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PRATT — Have you ever wondered what state park facilities are still available on a busy weekend or wished you could make a reservation in advance from home, when park offices are closed? The Kansas Department of Wildlife, Parks and Tourism (KDWPT) Outdoor Recreation Management System (ORMS) — available April 17 — will provide that service and much more.
In addition to allowing customers to make reservations from the comfort of home, photos of each campsite and whether it’s available will be hosted online. In most cases, ORMS will save park users money, through reduced service fees and more efficient management. The system also will allow staff to mark sites with problems — such as broken hydrants or electrical issues — until these issues can be fixed. ORMS data will show which sites are used the most, making management planning more efficient. ORMS will allow park staff to look within the system to see what sites are full and who is on that site, making emergency notifications much faster.
For those without computers or who still prefer using a phone, park staff will be able to use ORMS to help callers with reservations.
Reservations made before ORMS is launched will be moved into the new reservation system, so there will be no need to renew existing reservations. A cancellation/reschedule policy will be implemented, similar to the policy for camping cabins. The number of campsites available for reservation will vary by park. The rest will be available through the traditional first-come, first-served method. Shelter and group campground reservations will continue to be made only through the park office where the facilities are located.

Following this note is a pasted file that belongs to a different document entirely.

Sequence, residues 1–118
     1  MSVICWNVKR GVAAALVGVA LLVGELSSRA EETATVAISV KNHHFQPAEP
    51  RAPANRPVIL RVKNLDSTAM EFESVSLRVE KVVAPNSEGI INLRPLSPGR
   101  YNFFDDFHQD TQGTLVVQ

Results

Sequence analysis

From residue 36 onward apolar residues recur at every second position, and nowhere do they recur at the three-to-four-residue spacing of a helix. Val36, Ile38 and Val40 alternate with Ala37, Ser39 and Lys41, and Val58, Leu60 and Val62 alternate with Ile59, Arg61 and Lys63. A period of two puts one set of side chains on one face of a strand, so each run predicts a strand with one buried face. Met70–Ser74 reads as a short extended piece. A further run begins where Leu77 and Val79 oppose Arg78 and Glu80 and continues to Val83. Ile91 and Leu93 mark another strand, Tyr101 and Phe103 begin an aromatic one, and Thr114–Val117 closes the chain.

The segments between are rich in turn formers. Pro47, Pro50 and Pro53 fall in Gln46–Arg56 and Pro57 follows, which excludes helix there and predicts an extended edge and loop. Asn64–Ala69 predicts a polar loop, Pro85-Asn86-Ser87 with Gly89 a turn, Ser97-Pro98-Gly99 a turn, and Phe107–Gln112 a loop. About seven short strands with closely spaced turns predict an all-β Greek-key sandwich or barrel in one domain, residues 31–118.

In order to implement ORMS, the current reservation system will be shut down from April 1 through April 16. During this time, no reservations will be taken either online or by phone.
On March 31, all state parks will host a Free Park Entrance Day, with open-house in the offices, allowing customers to purchase park permits on the last day of lower off-season pricing. During open house, ORMS demonstrations will offer customers the opportunity to familiarize themselves with the new system. Also during the open house, visitors can enter a drawing to win a free one-night stay at a state park or public land cabin of their choice (terms and conditions apply, no purchase is necessary to enter. Call park office for details).
Those who cannot make it to a state park open house March 31 and see a demonstration can go online to Reserve America — www.reserveamerica.com — and familiarize themselves with how to use the system ahead of the launch date. Forty states are currently using the system, so pick one and see what they have to offer.
Among many other benefits of ORMS, park users will be able to make a reservation online from home, be assured to have a site if they have made a reservation, and avoid reservation errors such as double-booking. Park staff will use ORMS to manage walk-in as well as phone sales.
For those sites that can be reserved, users will be able to search for specific locations, sites, dates, and lengths of stay. Searches can be narrowed by amenities such as site size, utility hookups, equestrian facilities, hiking and biking trails, boating facilities, swimming areas, and more. Visitors without a camping permit can purchase one online before leaving home.
State park cabin reservations may already be made online atreserve.ksoutdoors.com or by calling or visiting a state park office. Constituents should continue to use these venues through March 31.
ORMS is much more than a camping and cabin reservation system. It will help KDWPT staff provide better customer service and more accurate visitor information. For more information, contact the nearest KDWPT state park or phone the Pratt Operations Office, 620-672-5911, and ask for the Parks Division.